Increasing, the transferability of unquoted shares is dictated by the tax position of the seller. As a rule of thumb, a third party offer generates the best tax result for the seller which would be further facilitated if the shares were freely transferable. However, releasing shares to a secondary market also has implications for SEIS and EIS tax reliefs which will be lost if not held throughout a qualifying period.  The tax legislation does not permit the roll over of SEIS or EIS tax relief.  Is HMRC likely to relax the rules?  The answer is unlikely unless the industry can point to demonstrable increased revenues for the Treasury which could be difficult.

Valuation of the shares would become an issue. Without a stock exchange to provide financial metrics, the shares would be traded at different prices. Would the potential buyers be entitled to confidential company information which the company’s directors would have to disclose? Given the individual bargaining power of different investors, a secondary market is likely to turn into wild west where the share price does not reflect the underlying performance of the company, therefore increasing transaction risks.  There would need to be a system for moderation which immediately complicates the simplicity of a secondary market.

Half way house ideas can be made to work.  For example, one idea is to create an informal market.  A private company can regulate who and when shares can be sold and can regulate who buys the shares.  A similar concept to good and bad leavers could be adopted.  For example, investors who have special circumstances could sell shares to persons approved by the board.  A few simple steps providing the sense of a safety blanket for investors could prove attractive.   Of course, what would constitute special circumstances could take some debating.  As would who the shares can be sold to.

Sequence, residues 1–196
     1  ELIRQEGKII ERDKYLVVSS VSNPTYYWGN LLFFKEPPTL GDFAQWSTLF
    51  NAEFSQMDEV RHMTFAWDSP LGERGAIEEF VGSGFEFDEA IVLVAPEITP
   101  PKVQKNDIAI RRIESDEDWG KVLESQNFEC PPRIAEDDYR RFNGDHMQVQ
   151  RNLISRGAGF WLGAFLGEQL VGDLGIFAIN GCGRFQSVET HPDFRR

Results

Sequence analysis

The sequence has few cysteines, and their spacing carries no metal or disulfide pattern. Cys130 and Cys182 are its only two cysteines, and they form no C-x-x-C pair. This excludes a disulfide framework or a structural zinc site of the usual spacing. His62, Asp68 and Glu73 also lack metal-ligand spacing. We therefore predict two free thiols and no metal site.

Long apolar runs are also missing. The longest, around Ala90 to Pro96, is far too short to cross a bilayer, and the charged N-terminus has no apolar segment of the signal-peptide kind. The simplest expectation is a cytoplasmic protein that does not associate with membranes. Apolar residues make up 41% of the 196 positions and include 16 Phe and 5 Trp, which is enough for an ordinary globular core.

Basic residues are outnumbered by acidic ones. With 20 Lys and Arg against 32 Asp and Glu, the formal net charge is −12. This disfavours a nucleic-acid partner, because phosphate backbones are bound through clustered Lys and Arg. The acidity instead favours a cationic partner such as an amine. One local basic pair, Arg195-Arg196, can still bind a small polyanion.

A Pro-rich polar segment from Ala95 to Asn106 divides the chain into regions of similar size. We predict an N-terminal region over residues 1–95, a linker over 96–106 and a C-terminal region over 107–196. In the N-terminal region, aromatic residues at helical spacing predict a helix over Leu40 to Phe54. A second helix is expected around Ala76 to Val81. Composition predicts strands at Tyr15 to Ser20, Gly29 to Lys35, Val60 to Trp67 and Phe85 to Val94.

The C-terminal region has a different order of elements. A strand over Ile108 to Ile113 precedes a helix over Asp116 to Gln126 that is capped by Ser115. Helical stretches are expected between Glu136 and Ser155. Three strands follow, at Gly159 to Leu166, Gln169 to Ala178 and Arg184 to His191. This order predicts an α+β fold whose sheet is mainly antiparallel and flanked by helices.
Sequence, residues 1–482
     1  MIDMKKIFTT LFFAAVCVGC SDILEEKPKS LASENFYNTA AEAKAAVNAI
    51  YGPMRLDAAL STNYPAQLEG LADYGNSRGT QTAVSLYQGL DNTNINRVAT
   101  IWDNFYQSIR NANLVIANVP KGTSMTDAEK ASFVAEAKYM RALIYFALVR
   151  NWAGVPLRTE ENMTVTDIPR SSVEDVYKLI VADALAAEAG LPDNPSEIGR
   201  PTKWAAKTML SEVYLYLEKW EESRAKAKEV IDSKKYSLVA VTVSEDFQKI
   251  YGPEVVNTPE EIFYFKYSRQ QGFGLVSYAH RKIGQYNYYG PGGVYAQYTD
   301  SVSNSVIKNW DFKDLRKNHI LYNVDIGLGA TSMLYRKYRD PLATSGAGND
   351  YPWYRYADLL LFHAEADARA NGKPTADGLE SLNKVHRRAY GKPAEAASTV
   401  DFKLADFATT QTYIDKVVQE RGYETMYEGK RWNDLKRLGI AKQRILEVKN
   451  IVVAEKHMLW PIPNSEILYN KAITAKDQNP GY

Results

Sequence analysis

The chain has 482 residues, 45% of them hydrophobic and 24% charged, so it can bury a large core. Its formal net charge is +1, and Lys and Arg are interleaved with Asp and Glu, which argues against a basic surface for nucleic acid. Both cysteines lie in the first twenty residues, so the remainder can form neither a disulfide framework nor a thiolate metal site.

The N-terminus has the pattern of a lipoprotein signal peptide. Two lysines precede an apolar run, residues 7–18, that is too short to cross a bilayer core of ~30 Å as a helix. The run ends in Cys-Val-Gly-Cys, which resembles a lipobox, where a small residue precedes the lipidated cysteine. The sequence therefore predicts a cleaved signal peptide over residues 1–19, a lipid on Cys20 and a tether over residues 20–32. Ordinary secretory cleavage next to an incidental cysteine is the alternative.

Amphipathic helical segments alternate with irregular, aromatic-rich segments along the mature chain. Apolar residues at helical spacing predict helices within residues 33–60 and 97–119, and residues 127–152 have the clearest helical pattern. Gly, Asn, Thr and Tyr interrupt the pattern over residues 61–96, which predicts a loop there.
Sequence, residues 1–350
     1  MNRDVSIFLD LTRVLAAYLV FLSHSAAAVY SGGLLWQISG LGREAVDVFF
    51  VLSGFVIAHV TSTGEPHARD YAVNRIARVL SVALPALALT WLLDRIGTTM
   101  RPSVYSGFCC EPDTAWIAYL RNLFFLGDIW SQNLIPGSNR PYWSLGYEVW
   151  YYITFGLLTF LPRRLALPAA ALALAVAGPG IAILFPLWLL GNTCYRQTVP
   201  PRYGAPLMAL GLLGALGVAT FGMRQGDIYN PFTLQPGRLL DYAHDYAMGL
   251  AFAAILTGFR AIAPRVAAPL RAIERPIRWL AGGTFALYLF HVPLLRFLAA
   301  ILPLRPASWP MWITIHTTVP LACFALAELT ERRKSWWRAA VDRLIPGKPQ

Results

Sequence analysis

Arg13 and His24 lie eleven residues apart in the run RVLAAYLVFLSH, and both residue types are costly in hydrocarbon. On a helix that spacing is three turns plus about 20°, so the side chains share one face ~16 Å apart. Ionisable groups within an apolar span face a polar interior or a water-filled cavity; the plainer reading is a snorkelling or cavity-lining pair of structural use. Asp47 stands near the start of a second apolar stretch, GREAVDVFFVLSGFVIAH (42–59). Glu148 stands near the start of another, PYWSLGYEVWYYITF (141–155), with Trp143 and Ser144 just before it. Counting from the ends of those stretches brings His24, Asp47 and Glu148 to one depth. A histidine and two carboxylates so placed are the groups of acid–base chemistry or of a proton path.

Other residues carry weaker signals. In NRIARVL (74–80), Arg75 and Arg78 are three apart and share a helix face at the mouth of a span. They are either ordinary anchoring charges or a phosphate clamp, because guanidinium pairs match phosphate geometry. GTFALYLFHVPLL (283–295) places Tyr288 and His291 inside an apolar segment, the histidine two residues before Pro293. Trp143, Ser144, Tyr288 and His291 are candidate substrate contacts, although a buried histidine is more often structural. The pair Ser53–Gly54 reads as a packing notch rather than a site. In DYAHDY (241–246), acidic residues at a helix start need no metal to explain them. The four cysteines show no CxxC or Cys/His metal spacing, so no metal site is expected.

Implications for venture capital

The introduction of a secondary market is unlikely have an impact on VC investment. VCs typically assume significant control over the companies they invest in and have the bargaining power to demand rights to sell shares. It is possible that VC managers would use the secondary market to bag a bargain.

Silver lining – SEIS, EIS and Investors’ Relief

In the absence of a trading platform for unquoted shares start ups and growth companies need an attraction.  The government actively encourages investment into private companies through a range of tax reliefs, particularly Seed Enterprise Investment Scheme, Enterprise Investment Scheme and Investors’ Relief. The perks can be significant – up to 50% income tax relief on shares subscribed via SEIS and no capital gains tax on exit.  But HMRC do impose holding periods for full tax relief. HMRC expect investors to be in for the long run.

Final word

Start ups and growth companies are a motor of the British economy. Investment contributes to new job creation and the knowledge economy. Unlocking the capital and encouraging a wider range of business investors is a goal to pursue. But care is required.  The operators of a secondary market will have made their commissions before any business collapse.